Pakistan is expected to take $ 10-15 billion in debt repayments
KARACHI: Pakistan’s struggling economy is expected to earn $ 10 to $ 15 billion from one year inhaling interest and principal payments to foreign, multilateral and commercial creditors under the G-20 debt aid package for poor countries, analysts said on the day Friday.
Faizan Ahmed, head of research at BMA Research said about $ 15.8 billion in debt payments – principal plus interest – will be due within the next year and more than 90 percent is owed to the state or G20 institutions.
“Nearly all $ 15.3 billion of total payments due in the next year will be eligible for assistance,” Ahmed said.
The grouping of 20 developed countries announced a one-year freeze on external loan payments for 77 countries and regions, including Pakistan, a member of the World Bank’s International Development Association, to support them in difficult and unusual times amid the corona virus pandemic.
The debt suspension period is expected to commence from 1 May 2020 and continue until 1 December 2020. Debt payment obligations during this period will be included in new loans and repayments will not begin until June 2022. After that, the amount that is frozen will be paid over a period of three the following year with a grace period of one year.
Analyst Atif Zafar from Topline Research estimates that aid from debt restructuring is expected to reach $ 7 billion, seeing a positive impact on the current account position favored by a 50 percent reduction in international oil prices.
Although Zafar said a decline in exports and remittances would cancel most of the benefits, “overall, we believe these steps and flows will stabilize Pakistan’s balance of payments in the near future, where by December 2020 we expect the State Bank of Pakistan reserves to rise to around $ 12 to $ 14 billion from the current $ 11 billion. “
“We hope this development will provide strength for rupees in the near future, where we keep our June-2020 forecast at 168-170,” he said.
Analyst Noman Ahmed at Insight Securities said details of solving the G20 debt relief have not been announced. The country is projected to pay $ 11.8 billion, $ 6.2 billion, $ 7.8 billion and $ 5.8 billion respectively in FY20, FY21, FY22 and FY23.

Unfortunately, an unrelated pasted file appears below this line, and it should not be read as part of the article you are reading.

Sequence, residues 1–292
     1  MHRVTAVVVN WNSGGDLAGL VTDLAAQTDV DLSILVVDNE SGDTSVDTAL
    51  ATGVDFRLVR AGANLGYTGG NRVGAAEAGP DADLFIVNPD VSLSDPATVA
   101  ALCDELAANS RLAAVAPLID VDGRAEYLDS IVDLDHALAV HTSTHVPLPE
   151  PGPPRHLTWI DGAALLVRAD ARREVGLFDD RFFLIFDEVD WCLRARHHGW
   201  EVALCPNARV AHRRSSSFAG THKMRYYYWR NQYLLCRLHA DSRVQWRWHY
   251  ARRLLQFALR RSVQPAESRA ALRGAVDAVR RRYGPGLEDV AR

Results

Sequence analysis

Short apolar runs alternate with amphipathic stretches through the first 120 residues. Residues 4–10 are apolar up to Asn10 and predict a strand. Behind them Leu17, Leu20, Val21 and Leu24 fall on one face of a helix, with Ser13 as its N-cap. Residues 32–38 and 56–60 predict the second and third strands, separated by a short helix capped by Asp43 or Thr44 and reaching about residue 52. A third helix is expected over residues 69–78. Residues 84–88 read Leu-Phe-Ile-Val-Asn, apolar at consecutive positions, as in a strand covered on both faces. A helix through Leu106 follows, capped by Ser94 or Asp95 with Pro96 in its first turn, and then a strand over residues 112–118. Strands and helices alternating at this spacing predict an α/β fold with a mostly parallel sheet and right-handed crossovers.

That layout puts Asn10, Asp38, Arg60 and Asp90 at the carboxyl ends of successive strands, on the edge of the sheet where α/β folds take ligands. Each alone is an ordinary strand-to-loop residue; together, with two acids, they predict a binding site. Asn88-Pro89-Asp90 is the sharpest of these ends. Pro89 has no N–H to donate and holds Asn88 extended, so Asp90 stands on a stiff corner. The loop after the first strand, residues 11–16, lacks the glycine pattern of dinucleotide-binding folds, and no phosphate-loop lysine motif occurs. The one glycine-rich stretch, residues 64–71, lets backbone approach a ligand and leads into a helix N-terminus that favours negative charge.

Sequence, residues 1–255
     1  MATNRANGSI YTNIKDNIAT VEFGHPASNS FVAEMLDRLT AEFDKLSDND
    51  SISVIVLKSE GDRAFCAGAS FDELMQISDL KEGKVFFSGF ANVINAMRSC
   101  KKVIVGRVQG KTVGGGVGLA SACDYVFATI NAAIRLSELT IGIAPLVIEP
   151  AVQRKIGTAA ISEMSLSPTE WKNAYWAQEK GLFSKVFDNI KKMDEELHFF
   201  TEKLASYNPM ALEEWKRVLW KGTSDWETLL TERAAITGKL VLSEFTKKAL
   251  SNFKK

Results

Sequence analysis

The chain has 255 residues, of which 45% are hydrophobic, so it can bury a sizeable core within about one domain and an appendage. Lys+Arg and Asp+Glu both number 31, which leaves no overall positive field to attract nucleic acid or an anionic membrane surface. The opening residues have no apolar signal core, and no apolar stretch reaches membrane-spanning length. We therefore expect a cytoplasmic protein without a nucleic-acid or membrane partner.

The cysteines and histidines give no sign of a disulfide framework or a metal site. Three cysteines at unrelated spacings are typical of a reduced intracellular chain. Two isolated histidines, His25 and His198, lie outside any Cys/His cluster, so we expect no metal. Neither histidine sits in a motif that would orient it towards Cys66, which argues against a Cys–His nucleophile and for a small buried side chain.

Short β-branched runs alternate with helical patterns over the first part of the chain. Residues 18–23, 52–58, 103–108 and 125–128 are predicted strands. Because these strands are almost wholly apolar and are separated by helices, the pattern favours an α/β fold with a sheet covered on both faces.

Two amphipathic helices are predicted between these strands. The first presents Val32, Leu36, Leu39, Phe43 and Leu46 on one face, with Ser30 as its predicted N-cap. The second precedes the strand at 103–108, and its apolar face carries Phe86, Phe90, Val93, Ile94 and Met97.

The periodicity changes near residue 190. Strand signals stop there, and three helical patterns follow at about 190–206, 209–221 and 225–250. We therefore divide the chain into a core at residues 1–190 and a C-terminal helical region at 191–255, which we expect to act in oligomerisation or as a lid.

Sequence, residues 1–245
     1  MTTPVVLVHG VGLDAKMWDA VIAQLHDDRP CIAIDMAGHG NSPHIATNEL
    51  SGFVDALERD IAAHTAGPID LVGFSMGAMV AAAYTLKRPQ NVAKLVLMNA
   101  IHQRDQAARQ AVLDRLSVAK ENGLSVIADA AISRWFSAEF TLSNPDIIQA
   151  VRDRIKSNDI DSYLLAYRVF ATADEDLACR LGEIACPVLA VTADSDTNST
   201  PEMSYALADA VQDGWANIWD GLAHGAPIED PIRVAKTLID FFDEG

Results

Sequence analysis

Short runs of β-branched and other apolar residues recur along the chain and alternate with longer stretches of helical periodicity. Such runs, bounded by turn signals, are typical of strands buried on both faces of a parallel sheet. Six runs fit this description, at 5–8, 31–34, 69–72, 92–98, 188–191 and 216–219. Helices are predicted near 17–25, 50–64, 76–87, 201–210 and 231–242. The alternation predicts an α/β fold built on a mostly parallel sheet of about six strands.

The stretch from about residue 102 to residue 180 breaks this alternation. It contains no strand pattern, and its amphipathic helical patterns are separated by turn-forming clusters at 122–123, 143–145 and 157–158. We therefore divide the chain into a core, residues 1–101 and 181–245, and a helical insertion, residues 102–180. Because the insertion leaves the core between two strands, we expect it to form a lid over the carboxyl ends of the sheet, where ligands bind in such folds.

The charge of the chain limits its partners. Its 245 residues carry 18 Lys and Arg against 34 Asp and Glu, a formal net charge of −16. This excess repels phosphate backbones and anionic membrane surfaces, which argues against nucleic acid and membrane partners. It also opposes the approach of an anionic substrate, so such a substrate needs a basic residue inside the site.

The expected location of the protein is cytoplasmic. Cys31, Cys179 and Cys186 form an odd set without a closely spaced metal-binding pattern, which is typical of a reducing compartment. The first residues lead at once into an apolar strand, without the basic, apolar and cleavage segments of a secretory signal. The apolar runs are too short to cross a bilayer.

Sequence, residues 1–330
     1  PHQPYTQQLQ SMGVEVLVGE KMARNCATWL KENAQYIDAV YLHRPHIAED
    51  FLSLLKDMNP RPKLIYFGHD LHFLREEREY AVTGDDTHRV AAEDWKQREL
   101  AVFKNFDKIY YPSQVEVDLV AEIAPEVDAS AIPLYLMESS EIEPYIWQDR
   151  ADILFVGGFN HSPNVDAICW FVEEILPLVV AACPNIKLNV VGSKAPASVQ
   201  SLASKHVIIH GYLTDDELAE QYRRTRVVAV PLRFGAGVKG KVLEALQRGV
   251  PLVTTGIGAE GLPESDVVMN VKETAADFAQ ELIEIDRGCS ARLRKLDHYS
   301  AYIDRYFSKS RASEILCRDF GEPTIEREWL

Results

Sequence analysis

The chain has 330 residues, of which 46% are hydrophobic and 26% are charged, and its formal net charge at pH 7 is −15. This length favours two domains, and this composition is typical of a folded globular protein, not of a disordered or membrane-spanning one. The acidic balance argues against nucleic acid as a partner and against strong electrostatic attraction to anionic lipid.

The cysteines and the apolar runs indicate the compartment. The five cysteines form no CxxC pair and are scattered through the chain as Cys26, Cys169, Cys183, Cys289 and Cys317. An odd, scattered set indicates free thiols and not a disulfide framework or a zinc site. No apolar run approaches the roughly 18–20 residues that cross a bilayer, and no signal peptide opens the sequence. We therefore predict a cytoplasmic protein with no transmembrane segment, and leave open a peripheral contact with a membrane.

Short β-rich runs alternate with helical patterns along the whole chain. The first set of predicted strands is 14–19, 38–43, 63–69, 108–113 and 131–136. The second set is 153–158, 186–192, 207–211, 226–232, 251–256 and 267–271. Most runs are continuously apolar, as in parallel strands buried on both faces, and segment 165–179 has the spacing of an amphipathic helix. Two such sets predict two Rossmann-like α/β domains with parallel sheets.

“Pakistan is trying to reschedule / postpone $ 12 billion in loans, 17 percent of the government’s foreign debt and if this happens, this will be a major breakthrough because Pakistan will likely remain a net beneficiary of a decline in imports / exports / remittances,” said Ahmed. , citing foreign debt which reached 31.1 percent of GDP or $ 87.5 billion.
Pakistan got its debt rescheduled 10 times since the 1970s with a massive $ 12.5 billion restructuring approved by the Paris Club in December 2001. This time around most of the payments were due to non-Parisian club creditors and $ 6 payments, 7 billion is scheduled for FY21.
Saad Khan, analyst at IGI Securities, said the suspension of G20 debt repayment costs around the time of Covid-19 was welcomed. “The SBP estimates less pressure on the exchange rate because these funds will help protect the severe withdrawal of the country’s FX reserves,” Khan said.
Other analysts said further monetary action from the central bank was expected given the sharp decline in economic activity, the background of tame inflation and improving external account positions after the G20 debt relief and multilateral funding commitments. The central bank cut its policy rate cumulatively by 425 basis points to 9 percent compared to last month. The emergency rate cut comes on the back of the deteriorating outlook for the global and domestic economy due to COVID-19 and the improving outlook for inflation following a drop in commodity prices.
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